Talk about disillusionment. God, you told me to go here, but all I see around me is confusion and chaos. I thought there’d be a paved pathway, but all I found was mud. You promised me something, but all I see are qualified successes, wins with an asterisk.

The purpose of Hebrews 11 is to highlight a lot of people who trusted God more than they trusted themselves. Though they never lived to see God’s promises completely fulfilled, they trusted Him. Though they got to their destinations and found mostly confusion, chaos, and disillusionment, they trusted Him. The root of this trust? They believed God knew more than they did … and that He is good.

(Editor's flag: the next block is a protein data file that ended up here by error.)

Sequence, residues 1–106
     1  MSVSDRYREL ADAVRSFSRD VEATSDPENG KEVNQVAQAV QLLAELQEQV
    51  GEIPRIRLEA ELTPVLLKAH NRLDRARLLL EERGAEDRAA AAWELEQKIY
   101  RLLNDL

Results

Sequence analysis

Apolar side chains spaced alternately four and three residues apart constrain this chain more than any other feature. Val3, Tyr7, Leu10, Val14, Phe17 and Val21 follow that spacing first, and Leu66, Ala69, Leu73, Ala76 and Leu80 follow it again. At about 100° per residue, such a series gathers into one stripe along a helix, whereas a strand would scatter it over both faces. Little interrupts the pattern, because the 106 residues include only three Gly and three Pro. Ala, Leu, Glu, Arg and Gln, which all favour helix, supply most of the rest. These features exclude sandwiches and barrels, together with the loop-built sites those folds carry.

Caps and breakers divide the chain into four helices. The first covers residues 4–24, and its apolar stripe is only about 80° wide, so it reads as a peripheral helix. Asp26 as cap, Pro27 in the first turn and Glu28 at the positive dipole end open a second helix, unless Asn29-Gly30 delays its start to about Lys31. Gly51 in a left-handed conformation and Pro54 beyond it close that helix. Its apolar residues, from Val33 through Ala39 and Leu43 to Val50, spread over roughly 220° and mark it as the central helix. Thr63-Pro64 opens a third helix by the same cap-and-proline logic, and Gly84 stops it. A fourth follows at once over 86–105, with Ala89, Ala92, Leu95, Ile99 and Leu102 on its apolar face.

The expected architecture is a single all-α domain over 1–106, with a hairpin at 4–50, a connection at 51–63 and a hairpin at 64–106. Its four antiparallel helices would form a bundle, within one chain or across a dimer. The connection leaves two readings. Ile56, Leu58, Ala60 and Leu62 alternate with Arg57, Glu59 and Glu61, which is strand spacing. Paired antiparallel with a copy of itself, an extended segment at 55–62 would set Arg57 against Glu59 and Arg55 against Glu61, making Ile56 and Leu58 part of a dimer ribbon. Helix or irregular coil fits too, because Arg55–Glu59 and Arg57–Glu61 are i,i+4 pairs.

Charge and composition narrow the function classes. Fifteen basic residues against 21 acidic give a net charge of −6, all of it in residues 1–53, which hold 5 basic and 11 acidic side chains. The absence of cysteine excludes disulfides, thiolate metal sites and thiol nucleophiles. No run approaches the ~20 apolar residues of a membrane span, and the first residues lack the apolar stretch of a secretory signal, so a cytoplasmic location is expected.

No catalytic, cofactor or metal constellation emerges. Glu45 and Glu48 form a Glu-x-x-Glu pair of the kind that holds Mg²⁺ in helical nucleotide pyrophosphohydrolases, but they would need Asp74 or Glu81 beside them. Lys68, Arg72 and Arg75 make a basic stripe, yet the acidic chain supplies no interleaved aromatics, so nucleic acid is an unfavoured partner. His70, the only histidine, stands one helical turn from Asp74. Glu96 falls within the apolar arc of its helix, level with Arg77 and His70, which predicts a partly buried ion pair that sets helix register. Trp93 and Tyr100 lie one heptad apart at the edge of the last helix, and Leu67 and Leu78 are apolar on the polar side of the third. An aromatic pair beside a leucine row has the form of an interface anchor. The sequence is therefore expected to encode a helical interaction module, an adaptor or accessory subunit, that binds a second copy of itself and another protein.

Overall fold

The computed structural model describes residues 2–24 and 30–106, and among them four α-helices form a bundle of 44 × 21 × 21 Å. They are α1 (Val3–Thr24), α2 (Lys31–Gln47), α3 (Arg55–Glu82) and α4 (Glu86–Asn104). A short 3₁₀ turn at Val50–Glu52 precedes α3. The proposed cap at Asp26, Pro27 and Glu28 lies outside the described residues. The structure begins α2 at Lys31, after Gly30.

When you cannot understand why

This is probably the hardest aspect of faith – when we cannot understand why. Trust is easy when we understand, but arguably, that isn’t even trust. We’re leaning on our own understanding at that point. When we don’t understand at all, however … trust isn’t so easy. When our deepest desires are in direct conflict with God’s direction, trust isn’t easy. When everything seems to call God a liar (and I promise you it will at times), trust isn’t easy.

The thing is, God knows more than you do. He’s weaving a tapestry, and our lives are the threads. We see only our threads and a few nearby, and to us it’s complete chaos. We can’t find the order in the things we see around us. But God knows more than we do. He knows how the suffering is used for good. He knows how the chaos fits together for something good.